Louisville signee Malik Williams began preparations for the Kentucky Derby Festival Basketball Classic on Thursday at the event's practice session held at Male Traditional High School's primary gym.
Williams, who will be playing with fellow Cardinal signees Lance Thomas, Darius Perry and Jordan Nwora in Saturday's game, expressed excitement in the opporutinty to play in front of U of L fans and alongside his future teammates.
"It's a great feeling," he told Cardinal Authority. "To get the chance to come to Louisville to play in front of some of the fans, along with Darius, Lance and Jordan, it's a great feeling."
While many may anticipate the 7-footer from Fort Wayne (Ind.) Snider to fill the role of a big man that plays with his back to the basket, Williams has displayed throughout his career that he is more comfortable running the floor and creating matchup problems on the wing. He models his game after Golden State Warrior forward Kevin Durant because of "how he can handle the ball and shoot the ball, and he's a humble guy, too"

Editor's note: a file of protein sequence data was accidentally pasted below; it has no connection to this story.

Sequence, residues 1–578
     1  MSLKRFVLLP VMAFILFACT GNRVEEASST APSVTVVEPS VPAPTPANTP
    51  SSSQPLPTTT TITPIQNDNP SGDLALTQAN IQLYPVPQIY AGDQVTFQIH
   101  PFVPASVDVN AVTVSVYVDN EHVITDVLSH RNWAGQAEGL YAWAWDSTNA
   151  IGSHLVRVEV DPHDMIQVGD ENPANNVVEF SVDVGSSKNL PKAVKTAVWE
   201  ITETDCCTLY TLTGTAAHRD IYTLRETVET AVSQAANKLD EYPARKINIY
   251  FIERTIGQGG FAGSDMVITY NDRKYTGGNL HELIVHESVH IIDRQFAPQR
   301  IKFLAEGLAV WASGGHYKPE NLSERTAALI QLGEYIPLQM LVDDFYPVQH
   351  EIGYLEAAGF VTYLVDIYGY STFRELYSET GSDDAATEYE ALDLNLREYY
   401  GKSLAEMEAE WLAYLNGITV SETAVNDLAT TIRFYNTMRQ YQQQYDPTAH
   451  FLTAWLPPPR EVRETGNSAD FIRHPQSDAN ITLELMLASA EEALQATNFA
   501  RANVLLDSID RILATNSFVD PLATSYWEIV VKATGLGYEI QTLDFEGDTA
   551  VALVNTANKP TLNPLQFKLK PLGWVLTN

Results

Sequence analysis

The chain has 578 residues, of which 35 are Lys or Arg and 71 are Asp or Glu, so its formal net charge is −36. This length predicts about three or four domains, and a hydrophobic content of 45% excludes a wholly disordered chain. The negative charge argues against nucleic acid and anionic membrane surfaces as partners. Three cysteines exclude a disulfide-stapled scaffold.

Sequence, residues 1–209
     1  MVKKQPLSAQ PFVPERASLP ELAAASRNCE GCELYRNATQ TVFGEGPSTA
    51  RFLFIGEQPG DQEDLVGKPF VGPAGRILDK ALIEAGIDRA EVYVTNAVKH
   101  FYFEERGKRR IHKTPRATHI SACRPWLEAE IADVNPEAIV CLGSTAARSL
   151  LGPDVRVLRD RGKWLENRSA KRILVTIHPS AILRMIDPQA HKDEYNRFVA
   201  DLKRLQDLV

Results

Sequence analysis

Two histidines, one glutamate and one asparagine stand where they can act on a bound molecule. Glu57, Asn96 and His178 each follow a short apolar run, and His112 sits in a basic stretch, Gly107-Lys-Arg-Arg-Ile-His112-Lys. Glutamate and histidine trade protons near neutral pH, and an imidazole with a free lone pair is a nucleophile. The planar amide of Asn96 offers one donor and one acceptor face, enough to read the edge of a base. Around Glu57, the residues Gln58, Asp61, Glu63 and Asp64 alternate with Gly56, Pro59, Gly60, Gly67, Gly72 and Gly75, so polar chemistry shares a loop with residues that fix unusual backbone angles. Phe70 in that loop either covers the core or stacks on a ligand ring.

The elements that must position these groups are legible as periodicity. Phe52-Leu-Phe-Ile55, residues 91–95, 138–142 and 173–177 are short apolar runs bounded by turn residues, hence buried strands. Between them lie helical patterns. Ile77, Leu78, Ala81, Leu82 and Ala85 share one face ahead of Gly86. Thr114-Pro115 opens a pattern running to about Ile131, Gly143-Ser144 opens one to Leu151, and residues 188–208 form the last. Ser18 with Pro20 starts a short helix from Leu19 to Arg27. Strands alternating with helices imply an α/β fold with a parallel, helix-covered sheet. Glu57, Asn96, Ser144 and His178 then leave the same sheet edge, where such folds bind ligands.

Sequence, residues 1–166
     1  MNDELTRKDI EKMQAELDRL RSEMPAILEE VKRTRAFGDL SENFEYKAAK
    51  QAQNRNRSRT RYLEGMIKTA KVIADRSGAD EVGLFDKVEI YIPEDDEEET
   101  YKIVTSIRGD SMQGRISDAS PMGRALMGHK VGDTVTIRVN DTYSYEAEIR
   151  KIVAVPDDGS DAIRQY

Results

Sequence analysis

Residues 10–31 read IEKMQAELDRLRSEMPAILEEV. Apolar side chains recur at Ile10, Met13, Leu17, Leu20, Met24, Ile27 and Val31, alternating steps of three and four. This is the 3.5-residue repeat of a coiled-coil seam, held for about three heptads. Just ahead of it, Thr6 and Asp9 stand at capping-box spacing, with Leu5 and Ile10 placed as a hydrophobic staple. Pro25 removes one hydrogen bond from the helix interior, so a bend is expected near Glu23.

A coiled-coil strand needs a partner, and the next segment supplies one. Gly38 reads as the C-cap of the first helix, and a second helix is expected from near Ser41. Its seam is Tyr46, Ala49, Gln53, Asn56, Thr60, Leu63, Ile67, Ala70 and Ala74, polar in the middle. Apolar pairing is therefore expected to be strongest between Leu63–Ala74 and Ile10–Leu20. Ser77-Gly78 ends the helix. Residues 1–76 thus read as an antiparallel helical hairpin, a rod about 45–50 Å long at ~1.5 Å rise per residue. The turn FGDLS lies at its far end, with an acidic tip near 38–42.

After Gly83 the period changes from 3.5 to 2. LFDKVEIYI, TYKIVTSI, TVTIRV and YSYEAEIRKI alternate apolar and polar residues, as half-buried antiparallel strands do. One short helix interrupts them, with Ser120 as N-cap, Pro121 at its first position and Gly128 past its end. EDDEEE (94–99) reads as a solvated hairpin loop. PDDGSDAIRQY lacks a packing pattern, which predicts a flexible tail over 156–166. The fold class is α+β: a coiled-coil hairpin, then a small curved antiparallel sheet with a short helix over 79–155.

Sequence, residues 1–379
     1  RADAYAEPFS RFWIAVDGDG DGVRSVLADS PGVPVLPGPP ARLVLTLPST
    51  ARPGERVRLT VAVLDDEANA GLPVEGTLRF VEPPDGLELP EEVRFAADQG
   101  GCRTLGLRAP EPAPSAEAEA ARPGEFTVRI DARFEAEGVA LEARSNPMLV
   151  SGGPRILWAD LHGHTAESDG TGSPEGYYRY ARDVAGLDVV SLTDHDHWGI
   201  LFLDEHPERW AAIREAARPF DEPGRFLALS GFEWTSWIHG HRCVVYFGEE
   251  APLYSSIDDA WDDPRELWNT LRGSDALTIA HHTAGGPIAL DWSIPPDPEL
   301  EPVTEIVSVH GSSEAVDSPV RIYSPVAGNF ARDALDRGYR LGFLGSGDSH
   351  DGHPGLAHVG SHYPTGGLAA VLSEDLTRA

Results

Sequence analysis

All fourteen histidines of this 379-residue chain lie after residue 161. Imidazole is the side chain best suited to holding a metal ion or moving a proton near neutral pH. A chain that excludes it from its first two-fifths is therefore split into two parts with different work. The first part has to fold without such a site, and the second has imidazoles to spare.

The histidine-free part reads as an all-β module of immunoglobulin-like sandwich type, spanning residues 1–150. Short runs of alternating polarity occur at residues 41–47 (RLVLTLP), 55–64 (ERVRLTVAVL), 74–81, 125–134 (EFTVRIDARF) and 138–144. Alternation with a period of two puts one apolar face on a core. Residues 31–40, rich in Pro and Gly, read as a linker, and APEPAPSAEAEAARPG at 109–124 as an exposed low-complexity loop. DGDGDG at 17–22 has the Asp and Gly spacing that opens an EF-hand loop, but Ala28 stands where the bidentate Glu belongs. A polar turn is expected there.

Williams led Snider to a conference title by proving to be effective from both the inside and outside. He averaged a double-double with 21 points and 12 rebounds, while also registering four blocks per game.
"I'm hoping to bring some versatility and some nightmare matchups for the defense," he said.
Incoming U of L point guard Darius Perry, who will team with Williams in the KDF contest, admitted that Williams was his favorite player in the country last season.
"I watched all (his highlight videos)," said Perry. "He was my favorite player in high school. I like how Malik always get back on defense like nothing happened. He'll dunk on like four people and then run back like it didn't happen with everybody going crazy."
A Scout.com five-star prospect, Williams checks in as the nation's No. 20 overall player and the top big-man from the Hoosier State. He highlights a Louisville recruiting class that ranks 10th in country and has instant-impact expectations.
The goal for the weekend is to prove that those expectations are realistic and that "that Louisville has something special coming in."